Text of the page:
For people living with pain, sleep can seem like a luxury. These tips from the National Sleep Foundation may help you get a more restful night’s sleep for a more productive and healthy day, and possibly a less painful life.
If you’re living with pain, you already know how hard it can be to fall asleep and stay asleep. But did you also know that last night’s tossing and turning could be making today’s aching and throbbing feel worse?
The relationship between pain and sleep is well documented—and well understood by anyone living with pain, whether chronic or acute. Pain makes it harder to fall asleep, stay asleep and experience quality sleep. This generally makes you feel lousy the next day, so it’s no surprise that poor sleep has been associated with everything from diminished performance at work to increased stress and anxiety to a weaker immune system. Over time, sleep deprivation can also put you at risk for other health problems, including depression, heart disease and high blood pressure.¹
According to the Centers for Disease Control and Prevention (CDC), more than a third of U.S. adults don’t get enough sleep on a regular basis, and about 21 percent of U.S. adults are living with chronic pain. The connection between sleep and pain was clearly illustrated in a 2015 poll conducted by the National Sleep Foundation that found:
- More Americans (57 percent) experience pain than don’t (43 percent).
- Of those without pain, considerably more than half (65 percent) reported having good or very good sleep quality.
- Only 46 percent of people with acute pain reported quality sleep, and even less (36 percent) with chronic pain reported quality sleep.
It should not be surprising, however, that people who sleep well also say they get a lot done during the day. A 2019 Sleep in America poll revealed that nearly 90 percent of U.S. adults who sleep well report productive days, compared to only 46 percent who report poor sleep. In the same study, we learned that only 10 percent of U.S. adults make sleep a priority over other activities such as exercise, work and socializing.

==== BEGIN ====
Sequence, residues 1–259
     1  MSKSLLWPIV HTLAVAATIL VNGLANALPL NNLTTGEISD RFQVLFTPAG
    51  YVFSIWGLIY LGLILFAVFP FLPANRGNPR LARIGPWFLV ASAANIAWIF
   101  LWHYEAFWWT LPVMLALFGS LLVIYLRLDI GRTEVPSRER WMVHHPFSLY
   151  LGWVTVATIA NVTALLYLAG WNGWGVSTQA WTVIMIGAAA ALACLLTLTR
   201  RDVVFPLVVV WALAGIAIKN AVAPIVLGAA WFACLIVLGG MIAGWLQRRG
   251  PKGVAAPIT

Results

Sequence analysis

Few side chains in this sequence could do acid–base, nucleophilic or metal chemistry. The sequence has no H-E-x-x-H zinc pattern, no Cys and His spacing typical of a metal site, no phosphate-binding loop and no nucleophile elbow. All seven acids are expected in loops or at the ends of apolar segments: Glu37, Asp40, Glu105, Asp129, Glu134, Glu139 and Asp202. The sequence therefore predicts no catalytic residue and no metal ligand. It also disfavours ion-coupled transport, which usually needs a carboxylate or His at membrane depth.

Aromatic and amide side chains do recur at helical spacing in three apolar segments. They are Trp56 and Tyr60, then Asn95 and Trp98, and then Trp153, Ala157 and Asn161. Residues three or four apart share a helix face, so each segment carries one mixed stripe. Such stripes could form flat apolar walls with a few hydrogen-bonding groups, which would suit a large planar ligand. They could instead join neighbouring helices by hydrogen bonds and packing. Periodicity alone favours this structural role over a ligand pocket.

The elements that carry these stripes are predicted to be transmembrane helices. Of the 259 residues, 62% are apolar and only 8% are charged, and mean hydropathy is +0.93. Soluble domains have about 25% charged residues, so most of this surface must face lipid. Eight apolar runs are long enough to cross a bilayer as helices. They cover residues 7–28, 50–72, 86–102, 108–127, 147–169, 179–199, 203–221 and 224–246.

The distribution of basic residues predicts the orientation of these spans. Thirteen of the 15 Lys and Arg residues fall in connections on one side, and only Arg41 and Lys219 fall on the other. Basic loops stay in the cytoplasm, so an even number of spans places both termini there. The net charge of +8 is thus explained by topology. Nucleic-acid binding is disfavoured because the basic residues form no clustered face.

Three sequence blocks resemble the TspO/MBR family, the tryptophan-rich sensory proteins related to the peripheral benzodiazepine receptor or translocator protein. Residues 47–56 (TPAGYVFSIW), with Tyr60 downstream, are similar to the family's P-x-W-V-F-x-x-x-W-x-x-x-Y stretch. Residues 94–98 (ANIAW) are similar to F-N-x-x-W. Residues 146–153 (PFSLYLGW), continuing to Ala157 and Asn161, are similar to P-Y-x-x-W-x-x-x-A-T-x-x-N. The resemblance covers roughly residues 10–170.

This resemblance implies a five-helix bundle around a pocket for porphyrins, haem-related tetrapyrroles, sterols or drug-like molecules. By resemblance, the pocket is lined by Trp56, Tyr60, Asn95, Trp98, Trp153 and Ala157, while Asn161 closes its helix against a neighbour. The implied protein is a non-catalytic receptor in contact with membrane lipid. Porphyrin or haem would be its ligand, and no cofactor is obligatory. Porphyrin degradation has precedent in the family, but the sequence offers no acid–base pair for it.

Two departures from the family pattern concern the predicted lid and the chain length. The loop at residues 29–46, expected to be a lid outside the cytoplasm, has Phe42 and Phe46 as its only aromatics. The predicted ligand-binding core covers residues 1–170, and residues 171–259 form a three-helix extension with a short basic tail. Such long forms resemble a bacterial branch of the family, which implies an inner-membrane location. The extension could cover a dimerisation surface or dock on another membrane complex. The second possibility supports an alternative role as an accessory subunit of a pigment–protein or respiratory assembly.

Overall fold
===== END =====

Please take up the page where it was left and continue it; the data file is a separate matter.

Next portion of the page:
Make Sleep a Priority.
People who make sleep a priority tend to get better sleep—even those living with pain.
These five tips from the National Sleep Foundation can help you get started:
- Limit or eliminate caffeine, alcohol and naps.
- Consult your physician before relying on pain killers or sleeping pills.
- Go to bed at the same time each night and follow an established routine.
- Avoid screen time (TV, computer, phone) 30 minutes before bedtime.
- Write down persistent thoughts to keep your mind from wondering all night.
It’s also important to note that individuals living with pain are often more sensitive than others to environmental factors, such as the temperature, light or noise in a room. If that sounds like you, be extra mindful of your triggers. You may want to invest in darkening shades or talk to your sleep partner about a split mattress, for example.
If you are living with pain, a good night’s sleep can seem like a luxury. It may not have to be. By changing your sleep habits, you may actually get a better night’s sleep, experience less pain and enjoy a better overall quality of life.
Talk to your healthcare practitioner about ways to better understand and manage your pain.